Search This Blog

Friday, December 21, 2012

Psychiatric Care in the United States

Dr. Ablow who I quoted a few days ago says this about improving mental health care in the United States. Here's the current state of affairs:
Social workers, psychologists, nurses and non-psychiatry physicians can each have an extremely important role to play in rendering care to psychiatric patients, but they should not be the orchestrators of such care.

Largely to save money, insurance companies are most responsible for decimating the mental health care system in America by demanding such low payment scales that social workers and nurses have been trying to do the heroic work of trying to act like psychiatrists, while psychologists have been agitating for the right to prescribe medications so they can make more money and while internal medicine physicians and family physicians have too often tried to treat complex mental illnesses with medications alone, ignoring the fact that psychological factors fuel those illnesses and must be addressed.
And his proposal for improvements? He includes psychiatrists regaining supervision of patient management (as opposed to undertrained social workers), that insurance companies be required by law to cover monthly visits instead of quarterly visit, that insurance companies don't force hospitals to discharge mental health patients prematurely, that long-term psychiatric care be expanded in each state to save both hospitals and insurance companies the added expense by charging fees on a sliding scale dependant on patient income, the development of a "violence assessment tool" to better track patients highly at risk for injuring themselves or others, enforced treatment of those who have committed violent crimes with mental instability, etc.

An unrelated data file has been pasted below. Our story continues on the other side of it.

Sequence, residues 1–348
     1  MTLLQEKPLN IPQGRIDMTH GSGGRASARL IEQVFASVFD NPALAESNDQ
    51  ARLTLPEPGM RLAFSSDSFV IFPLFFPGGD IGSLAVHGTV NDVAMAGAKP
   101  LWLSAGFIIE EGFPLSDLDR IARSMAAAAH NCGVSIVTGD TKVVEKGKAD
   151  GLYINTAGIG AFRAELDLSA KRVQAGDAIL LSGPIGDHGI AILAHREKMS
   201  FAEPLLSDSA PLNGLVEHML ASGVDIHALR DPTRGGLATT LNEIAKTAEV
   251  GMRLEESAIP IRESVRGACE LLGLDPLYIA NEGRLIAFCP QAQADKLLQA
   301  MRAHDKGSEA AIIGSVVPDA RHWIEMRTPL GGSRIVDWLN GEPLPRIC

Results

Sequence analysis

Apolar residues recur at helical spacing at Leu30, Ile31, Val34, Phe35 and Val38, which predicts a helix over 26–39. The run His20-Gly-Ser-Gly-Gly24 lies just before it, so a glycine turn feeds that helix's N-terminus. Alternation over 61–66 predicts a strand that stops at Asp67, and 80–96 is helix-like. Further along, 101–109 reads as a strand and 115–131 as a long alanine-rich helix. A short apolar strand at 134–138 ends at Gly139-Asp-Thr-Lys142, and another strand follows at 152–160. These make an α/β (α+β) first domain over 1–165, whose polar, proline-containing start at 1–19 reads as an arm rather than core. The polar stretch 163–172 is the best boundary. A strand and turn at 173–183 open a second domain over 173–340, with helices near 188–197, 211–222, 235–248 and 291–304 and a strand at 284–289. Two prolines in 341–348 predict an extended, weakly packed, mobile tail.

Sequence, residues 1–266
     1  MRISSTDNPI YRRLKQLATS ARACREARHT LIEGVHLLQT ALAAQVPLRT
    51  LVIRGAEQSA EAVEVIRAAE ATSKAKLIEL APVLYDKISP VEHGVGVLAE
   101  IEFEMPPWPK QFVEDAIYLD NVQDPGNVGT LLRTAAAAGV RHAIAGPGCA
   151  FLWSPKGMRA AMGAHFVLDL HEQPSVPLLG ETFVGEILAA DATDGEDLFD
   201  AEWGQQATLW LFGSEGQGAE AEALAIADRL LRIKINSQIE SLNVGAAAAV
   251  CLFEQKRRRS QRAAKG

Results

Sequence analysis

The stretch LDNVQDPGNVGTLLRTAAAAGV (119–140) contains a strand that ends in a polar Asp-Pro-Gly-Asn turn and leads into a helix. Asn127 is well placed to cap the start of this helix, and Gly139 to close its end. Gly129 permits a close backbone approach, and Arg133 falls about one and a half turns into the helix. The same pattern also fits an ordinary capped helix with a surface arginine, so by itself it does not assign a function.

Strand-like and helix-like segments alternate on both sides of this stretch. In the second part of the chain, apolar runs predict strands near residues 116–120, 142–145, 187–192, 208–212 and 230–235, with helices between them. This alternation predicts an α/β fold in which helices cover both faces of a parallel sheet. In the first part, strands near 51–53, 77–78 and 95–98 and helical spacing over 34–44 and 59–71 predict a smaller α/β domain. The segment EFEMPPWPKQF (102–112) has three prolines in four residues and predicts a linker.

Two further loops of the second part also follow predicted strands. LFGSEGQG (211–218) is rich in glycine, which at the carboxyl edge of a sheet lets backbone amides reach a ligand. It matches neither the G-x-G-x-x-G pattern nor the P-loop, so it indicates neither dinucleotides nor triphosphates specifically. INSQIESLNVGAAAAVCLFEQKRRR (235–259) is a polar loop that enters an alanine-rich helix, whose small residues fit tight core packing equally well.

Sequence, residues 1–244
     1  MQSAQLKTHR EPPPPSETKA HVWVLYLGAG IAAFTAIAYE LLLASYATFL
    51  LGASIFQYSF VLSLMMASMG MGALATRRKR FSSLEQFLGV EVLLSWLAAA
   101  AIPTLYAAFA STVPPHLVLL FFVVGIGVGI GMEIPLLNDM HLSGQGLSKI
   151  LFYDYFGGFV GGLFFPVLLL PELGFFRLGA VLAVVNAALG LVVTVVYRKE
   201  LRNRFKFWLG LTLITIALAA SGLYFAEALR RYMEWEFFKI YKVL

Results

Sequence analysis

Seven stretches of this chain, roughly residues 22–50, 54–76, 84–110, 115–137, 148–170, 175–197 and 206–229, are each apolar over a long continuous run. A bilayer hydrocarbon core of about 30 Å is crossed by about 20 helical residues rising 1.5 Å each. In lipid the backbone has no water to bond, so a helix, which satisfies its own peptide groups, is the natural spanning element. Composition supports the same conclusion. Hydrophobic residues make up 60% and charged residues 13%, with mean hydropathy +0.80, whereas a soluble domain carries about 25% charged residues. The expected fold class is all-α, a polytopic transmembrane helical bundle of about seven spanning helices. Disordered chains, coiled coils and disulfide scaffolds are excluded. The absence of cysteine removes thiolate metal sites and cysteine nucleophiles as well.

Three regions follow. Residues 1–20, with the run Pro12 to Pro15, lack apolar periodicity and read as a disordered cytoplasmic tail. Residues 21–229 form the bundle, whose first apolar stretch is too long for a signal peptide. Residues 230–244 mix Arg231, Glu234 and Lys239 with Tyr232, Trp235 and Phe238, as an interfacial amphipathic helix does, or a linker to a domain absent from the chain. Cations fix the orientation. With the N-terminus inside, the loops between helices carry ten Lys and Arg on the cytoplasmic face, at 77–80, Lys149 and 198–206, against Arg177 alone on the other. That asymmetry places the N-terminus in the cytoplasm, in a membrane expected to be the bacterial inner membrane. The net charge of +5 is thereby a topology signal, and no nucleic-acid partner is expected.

All this would be a beginning. We have allowed the disassembling of the mental health care in America, giving into the lowest common denominator of treatments and handing control of our gutted system to insurance companies and drug manufacturers. Some may argue we did this in hopes of dialing back overzealous treatment strategies during the period of "deinstitutionalization." But I believe the real decline was fueled by the stigma still indefensibly associated with mental illness. Because such a shoddy system of care would never be allowed to exist in the world of cardiology or endocrinology or oncology.

This is by no means a complete plan. Elements of it may be challenged, and should be challenged. I hope others could contribute more creative and comprehensive solutions to some of the shortcomings I have noted.
Read more of the details yourself.

No comments:

Post a Comment